President Obama's "climate czar" Carol Browner's departure is another sign the administration has put efforts to directly reduce greenhouse gas emissions on hold.
Carol Browner came to the White House two years ago to help the President convince Congress to legislate a cap on greenhouse gas emissions. But, after failing to win Senate support for a climate bill, Obama has turned his attention to clean energy, and Browner is leaving her post. Living on Earth's Washington Correspondent Mitra Taj reports.
CURWOOD: It’s Living on Earth, I’m Steve Curwood.
GELLERMAN: And I'm Bruce Gellerman. The President has thrown his weight behind an ambitious clean energy plan. But in the wake of the failed effort to get a bill through Congress last year to address climate change, a key White House official is stepping down. Carol Browner was appointed to the newly created post of “energy and climate czar” at the outset of the Obama Administration. Now she's out and the future of the position is unclear. Living on Earth’s Mitra Taj has our report from Washington.
TAJ: When Carol Browner joined the White House to help the president broker a cap-and-trade deal in Congress, hopes for tough action on climate change were high. After all, Browner had served as Bill Clinton’s EPA administrator for two terms, and was a tireless advocate for keeping the planet cool. Here she is in 2006 as a private consultant commenting on George W. Bush’s lack of a climate plan:
BROWNER: This has been a passion of mine for many years. I think the single most important thing we can do now is call on Congress to set a cap, a national cap on greenhouse gas emissions. And I'm disappointed this administration has not taken the lead.
TAJ: Browner ended up on the other end of that disappointment last year when she stood solemnly next to Senate majority leader Harry Reid to deliver the news that the fight for climate legislation was ending. There simply weren’t enough votes.
BROWNER: Now obviously everyone is disappointed that we do not yet have an agreement on comprehensive legislation…
TAJ: Her departure is another reminder that tackling climate change is politically tough, and that the President has other priorities. Eric Pooley is the deputy editor of Bloomberg Businessweek and the author of the book “The Climate War.”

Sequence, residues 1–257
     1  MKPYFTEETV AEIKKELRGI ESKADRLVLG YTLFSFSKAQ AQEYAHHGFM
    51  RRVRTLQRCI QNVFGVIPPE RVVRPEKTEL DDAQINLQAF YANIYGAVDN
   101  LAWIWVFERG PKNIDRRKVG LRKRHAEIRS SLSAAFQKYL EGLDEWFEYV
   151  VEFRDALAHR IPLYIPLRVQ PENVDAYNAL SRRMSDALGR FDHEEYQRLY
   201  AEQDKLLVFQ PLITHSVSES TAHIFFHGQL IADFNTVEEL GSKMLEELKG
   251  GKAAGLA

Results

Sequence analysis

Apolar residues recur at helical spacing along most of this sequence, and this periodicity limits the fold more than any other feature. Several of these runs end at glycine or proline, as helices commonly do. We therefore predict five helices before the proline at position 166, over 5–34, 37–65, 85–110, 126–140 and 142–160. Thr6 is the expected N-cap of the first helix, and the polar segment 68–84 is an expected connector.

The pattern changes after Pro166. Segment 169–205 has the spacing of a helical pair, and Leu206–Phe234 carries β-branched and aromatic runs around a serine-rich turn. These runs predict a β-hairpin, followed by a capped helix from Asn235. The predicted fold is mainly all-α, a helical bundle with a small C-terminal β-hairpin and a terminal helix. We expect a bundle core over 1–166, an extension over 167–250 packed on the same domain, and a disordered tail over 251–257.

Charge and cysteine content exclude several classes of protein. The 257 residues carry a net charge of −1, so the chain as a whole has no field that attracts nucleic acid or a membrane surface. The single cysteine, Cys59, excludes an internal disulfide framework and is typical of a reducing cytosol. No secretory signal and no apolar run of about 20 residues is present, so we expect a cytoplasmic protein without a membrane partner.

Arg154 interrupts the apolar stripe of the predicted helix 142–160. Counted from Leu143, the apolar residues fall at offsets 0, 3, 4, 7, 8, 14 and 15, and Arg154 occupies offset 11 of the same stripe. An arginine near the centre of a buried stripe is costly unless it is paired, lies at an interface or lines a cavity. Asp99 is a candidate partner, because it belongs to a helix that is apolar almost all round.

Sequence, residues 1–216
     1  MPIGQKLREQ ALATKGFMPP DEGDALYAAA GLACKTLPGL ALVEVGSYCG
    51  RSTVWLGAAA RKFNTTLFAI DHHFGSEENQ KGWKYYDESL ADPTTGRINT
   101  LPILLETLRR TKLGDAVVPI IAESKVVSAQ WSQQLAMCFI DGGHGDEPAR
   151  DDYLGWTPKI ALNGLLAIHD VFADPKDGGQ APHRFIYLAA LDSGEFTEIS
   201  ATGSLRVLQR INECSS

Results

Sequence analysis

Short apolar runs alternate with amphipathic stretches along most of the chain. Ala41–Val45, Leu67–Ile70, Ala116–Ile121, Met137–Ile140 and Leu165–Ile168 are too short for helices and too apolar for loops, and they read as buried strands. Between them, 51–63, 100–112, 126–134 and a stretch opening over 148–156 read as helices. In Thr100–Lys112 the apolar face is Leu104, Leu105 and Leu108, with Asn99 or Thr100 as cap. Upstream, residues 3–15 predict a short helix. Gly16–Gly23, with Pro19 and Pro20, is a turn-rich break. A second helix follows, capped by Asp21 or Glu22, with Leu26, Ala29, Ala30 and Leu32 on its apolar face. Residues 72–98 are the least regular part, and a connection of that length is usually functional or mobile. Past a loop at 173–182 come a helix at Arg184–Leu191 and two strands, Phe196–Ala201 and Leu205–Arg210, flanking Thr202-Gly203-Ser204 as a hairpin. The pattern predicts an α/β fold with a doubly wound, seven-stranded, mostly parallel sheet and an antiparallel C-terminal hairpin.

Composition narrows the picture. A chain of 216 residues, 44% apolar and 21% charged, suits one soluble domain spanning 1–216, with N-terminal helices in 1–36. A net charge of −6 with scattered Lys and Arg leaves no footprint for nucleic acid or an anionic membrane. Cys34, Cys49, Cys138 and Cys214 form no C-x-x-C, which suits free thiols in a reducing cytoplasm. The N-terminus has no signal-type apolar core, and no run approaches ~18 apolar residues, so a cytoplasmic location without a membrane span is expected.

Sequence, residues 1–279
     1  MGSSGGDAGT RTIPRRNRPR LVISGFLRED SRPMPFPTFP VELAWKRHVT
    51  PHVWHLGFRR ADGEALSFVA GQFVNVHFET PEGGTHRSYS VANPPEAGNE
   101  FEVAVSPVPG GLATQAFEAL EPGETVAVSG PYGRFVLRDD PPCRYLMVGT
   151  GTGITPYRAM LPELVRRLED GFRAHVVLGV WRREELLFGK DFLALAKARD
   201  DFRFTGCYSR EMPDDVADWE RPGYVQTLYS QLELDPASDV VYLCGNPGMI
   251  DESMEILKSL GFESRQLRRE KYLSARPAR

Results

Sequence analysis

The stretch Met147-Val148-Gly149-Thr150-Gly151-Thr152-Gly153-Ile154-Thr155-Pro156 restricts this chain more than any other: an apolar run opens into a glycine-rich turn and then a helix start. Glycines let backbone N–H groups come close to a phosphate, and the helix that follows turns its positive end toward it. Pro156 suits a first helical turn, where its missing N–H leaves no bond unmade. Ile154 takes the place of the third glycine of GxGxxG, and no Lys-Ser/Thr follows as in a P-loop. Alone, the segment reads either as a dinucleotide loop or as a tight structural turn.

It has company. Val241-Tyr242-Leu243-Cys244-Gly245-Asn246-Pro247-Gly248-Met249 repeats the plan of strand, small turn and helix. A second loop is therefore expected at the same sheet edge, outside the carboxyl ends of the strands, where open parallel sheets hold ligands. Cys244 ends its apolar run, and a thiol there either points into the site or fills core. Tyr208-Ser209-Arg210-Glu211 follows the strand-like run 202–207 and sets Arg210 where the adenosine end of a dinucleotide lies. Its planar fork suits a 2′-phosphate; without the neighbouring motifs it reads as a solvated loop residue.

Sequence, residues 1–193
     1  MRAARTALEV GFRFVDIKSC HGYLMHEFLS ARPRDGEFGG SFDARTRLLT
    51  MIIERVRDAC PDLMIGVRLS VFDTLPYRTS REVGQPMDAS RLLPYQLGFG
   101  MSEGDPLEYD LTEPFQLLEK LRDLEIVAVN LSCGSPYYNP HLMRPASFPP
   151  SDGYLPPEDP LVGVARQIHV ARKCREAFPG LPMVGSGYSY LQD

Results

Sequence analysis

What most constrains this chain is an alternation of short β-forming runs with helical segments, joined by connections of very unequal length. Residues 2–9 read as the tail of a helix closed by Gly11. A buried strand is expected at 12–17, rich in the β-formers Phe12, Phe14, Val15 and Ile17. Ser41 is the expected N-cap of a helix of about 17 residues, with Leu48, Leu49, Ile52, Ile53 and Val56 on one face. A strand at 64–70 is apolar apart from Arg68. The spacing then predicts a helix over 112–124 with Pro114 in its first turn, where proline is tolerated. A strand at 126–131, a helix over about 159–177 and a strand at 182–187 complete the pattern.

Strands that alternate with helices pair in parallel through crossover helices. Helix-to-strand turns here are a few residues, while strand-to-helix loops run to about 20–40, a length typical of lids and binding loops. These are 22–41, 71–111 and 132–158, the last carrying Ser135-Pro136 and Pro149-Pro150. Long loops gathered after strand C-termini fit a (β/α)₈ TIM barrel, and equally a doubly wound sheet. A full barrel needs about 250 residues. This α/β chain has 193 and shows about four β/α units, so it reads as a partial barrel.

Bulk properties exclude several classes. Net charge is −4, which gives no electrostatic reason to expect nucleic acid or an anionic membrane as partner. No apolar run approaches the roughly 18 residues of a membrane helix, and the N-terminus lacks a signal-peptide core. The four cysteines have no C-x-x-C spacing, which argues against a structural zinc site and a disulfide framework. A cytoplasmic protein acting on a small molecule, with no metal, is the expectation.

POOLEY: Despite all of Carol’s hard work the administration itself never threw its weight behind a specific bill. And so yeah, is it another milestone along a long road? I’d say yeah, it is. I think it’s a kind of a mop-up action in the same way that Joe Lieberman leaving the Senate is a sign that an era has passed, and there was an opportunity to make progress in that era in my view and we squandered that opportunity.
TAJ: Browner didn’t get a climate bill but she was key in negotiating new emissions standards with automakers. And where some like Pooley see a loss, some in Congress see victory.
ISSA: There is no vacuum left by her departure.
TAJ: California Republican Congressmen Darrell
Issa is chair of the House Oversight and Government Reform Committee. He planned to use his authority to investigate Browner’s involvement in the administration’s environmental decision-making, and block her authority as a “czar.”
ISSA: What we want to do as a committee is we want to end unconfirmed czars. We want to ensure that people who control the taxpayer dollars or the authority of the president do so through a process of being named and confirmed by the Senate.
TAJ: The White House hasn’t said whether someone might take Browner’s place, and now that she’s leaving, Issa says he wants to help Congress keep the EPA from regulating greenhouse gas emissions. Using EPA’s authority was the administration’s backup plan in the absence of a climate bill. Eric Pooley says Browner might have been useful in blocking attacks against the agency.
POOLEY: That’s going to be a big battle, but it’s a defensive battle and she chose not to stay around for that particular fight.
TAJ: While Browner prepares her exit, the spotlight is now on another star of the President’s “green team”, Department of Energy Secretary Steven Chu, to move the administration’s clean energy goals forward. The President’s State of the Union speech was sprinkled with references to efforts Chu will lead, and the thrust of the speech itself…
OBAMA: Half a century ago, when the Soviets beat us into space with the launch of a satellite called Sputnik…
TAJ: …had already been voiced by secretary Chu last fall:
CHU: On October 4th, 1957, Soviet Union launched a satellite, Sputnik.
TAJ: Chu’s “Sputnik moment” speech, like the president’s, also emphasized the need to invest in science and clean technology to get ahead in the world. And now it’s up to members of Congress to determine whether they think it’s the right moment. For Living on Earth, I’m Mitra Taj in Washington.
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